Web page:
Further evaluation was done with tissue biopsy and imaging. CECT chest revealed no abnormalities except for few insignificant subcentimeric fibronodularities. MRI face and neck revealed 1.7×1.1 cm lesion in left buccal mucosa which appeared heterogeneous hyperintense on T2W1 and STIR and hypointense on T1W1 with heterogeneous enhancement [Fig.2]. Punch biopsy from both the ulcers were taken. Biopsy suggested mature stratified squamous with no dysplasia. Numerous multinucleated giant cells with intracellular encapsulated forms of fungus confirming in morphology to Histoplasma and the yeast form was positive for periodic acid-Schiff stain. In view of absence of systemic or pulmonary symptoms or immunosuppression, a diagnosis of localized mucocutaneous oral histoplasmosis was made. Individual was treated with oral itraconazole 200 mg. Patient showed steady clinical and symptomatic improvement with serial pictures depicting steady response and resolution of the signs and symptoms after around 30 days of therapy [Fig.3a,b]. The individual was continued on itraconazole for almost nine more months.



Discussion

Samuel Darling first described disseminated histoplasmosis in a patient who was suspected to have died of milliary tuberculosis in 1905 [8]. Primary site of infection for histoplasmosis is the lungs [9]. Air borne microsporidia are commonly responsible for the spread of this disease and  form yeast cells which replicate in the reticuloendothelial cells resulting in granuloma formation in which T cell mediated immune response eventually clears up the infection [10]. However, in immunocompromised individuals, this infection can spread to multiple organs including oral cavity, lymph nodes, liver or spleen leading to disseminated histoplasmosis [11]. 
Localized extra-pulmonary histoplasmosis is extremely rare. Various presentations which have been reported are pyrexia of unknown origin, acute adrenal deficiencies, central nervous system lesions or ulcerated oral lesions [6]. Only a few case reports of localized oral histoplasmosis are available and a generalized consensus for treatment of oral localized histoplasmosis has not been established. Many investigators are of the opinion that oral lesions are in fact initial manifestation of the systemic dissemination occurring in immunocompromised individuals and so prefer treating even localized oral mucocutaneous lesion with systemic antifungals (amphotericin B) and oral azoles [6,11]. However, few authors have recommended to treat  localized oral histoplasmosis in immunocompetent patients as a localized disease only and treat with oral azoles, as was done in this case, showing improved clinical results and avoiding the strong and often irreversible side effects of amphotericin B [12,13]. Oral histoplasmosis presents and very closely mimics invasive oral carcinoma and thus reinforcing the role of tissue diagnosis in every case of invasive carcinoma before jumping to radical treatment.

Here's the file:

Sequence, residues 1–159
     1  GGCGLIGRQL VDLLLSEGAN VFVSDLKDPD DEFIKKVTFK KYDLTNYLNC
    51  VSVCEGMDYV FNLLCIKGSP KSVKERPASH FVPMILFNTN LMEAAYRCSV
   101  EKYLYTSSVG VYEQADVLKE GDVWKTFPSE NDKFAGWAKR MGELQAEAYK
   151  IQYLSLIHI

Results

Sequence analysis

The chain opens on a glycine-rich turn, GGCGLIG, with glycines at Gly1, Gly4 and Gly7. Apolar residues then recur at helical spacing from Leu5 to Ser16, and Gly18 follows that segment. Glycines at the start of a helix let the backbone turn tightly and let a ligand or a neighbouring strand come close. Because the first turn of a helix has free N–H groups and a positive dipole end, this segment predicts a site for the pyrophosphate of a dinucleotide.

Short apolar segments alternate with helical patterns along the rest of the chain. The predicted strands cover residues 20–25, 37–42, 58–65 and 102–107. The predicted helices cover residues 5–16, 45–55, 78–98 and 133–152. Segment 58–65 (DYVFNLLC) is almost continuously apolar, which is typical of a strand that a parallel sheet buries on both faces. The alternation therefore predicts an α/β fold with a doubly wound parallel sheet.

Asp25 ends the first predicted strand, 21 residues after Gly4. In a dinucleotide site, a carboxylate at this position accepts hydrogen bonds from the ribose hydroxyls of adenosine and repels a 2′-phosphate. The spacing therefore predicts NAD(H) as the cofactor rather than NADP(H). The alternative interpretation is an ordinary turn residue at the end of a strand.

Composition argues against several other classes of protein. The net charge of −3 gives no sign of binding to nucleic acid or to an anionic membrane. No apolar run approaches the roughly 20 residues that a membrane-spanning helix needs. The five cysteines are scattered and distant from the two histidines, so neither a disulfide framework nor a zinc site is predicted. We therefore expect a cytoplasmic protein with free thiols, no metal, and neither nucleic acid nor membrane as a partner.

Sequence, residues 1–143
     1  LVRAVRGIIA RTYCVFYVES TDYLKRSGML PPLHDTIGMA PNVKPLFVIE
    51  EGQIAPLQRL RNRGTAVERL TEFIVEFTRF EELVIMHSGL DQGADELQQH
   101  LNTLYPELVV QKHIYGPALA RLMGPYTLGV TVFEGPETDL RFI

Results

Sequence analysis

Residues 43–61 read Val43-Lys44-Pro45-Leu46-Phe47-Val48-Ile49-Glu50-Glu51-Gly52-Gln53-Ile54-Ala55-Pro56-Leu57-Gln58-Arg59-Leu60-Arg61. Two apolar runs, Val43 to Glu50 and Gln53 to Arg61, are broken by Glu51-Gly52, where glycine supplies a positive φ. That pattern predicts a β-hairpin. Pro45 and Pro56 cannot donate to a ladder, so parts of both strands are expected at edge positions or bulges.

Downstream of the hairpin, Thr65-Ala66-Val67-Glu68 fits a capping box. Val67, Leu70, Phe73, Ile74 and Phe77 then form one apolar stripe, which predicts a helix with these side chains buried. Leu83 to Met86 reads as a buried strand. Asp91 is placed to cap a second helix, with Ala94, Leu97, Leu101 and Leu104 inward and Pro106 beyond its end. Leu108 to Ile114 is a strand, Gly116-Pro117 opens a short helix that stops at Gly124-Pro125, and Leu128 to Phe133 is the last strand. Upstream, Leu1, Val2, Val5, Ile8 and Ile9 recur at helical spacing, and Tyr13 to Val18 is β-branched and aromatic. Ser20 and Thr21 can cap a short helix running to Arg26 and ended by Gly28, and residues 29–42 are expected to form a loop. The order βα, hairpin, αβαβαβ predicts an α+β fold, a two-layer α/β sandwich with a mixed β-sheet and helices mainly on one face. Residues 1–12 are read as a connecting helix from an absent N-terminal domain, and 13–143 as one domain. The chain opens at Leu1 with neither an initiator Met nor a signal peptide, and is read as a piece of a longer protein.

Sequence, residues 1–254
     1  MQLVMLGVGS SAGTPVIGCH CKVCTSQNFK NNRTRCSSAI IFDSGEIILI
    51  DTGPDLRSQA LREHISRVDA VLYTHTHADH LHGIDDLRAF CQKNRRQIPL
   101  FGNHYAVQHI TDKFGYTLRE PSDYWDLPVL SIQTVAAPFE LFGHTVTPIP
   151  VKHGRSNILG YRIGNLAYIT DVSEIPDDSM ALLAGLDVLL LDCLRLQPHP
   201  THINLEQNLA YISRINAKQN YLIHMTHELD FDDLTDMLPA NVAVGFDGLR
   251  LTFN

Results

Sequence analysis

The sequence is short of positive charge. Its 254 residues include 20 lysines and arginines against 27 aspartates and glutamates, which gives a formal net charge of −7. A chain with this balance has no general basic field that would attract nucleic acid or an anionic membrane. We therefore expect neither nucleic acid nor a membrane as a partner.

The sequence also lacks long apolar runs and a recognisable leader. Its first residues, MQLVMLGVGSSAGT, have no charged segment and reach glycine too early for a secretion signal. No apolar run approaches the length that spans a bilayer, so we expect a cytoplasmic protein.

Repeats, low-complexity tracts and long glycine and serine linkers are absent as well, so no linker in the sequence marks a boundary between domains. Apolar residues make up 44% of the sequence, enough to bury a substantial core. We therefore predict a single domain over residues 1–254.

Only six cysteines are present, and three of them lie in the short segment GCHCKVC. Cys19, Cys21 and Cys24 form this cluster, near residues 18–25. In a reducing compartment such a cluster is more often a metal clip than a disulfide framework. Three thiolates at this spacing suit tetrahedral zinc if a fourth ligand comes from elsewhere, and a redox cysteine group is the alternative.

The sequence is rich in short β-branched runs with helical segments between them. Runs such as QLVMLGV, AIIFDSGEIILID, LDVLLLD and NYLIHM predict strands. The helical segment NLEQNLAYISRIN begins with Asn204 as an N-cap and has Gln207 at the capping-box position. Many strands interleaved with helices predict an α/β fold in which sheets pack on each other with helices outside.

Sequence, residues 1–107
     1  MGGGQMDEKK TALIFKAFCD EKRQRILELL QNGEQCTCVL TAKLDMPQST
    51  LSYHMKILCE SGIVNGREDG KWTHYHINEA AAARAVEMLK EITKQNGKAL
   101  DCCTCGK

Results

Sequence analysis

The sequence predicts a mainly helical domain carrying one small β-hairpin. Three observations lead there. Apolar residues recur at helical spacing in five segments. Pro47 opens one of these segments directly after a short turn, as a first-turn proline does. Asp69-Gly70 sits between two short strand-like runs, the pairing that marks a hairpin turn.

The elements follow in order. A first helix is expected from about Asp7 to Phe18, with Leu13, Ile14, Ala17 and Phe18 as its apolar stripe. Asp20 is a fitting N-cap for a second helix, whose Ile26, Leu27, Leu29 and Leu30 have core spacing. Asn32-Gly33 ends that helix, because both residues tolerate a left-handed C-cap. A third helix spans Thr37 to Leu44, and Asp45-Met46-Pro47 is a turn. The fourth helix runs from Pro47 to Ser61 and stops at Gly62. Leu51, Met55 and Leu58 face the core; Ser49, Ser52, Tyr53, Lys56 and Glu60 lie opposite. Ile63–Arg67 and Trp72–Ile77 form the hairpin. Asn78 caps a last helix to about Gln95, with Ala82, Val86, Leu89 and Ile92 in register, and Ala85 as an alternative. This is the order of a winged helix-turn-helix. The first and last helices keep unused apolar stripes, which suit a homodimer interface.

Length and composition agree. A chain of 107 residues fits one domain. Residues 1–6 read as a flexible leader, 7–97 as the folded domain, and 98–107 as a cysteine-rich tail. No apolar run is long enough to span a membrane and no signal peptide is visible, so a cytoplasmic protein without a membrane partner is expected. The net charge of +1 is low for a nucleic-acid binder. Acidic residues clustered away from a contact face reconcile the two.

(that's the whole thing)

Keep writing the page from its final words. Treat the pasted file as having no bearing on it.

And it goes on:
Conclusion

Localized oral mucocutaneous histoplasmosis is a definite entity in the immunocompetent patient which masquerades as invasive carcinoma. Tissue diagnosis gives a definite diagnosis and oral azoles are effective as a treatment option for such lesion.

Contributors: AA: manuscript writing, literature review, and patient management; VKA: manuscript editing, references and patient management. VKA will act as a study guarantor. Both authors approved the final version of this manuscript and are responsible for all aspects of the study.
Funding: None; Competing interests: None stated.

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Arnav A, Agarwal VKLocalized Oral Histoplasmosis: A Master Masquerader of Oral Cancer.JCR 2020;10:231-233
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Arnav A, Agarwal VKLocalized Oral Histoplasmosis: A Master Masquerader of Oral Cancer.JCR [serial online] 2020[cited 2021 Jan 17];10:231-233. Available from: http://www.casereports.in/articles/10/4/Localized-Oral-Histoplasmosis.html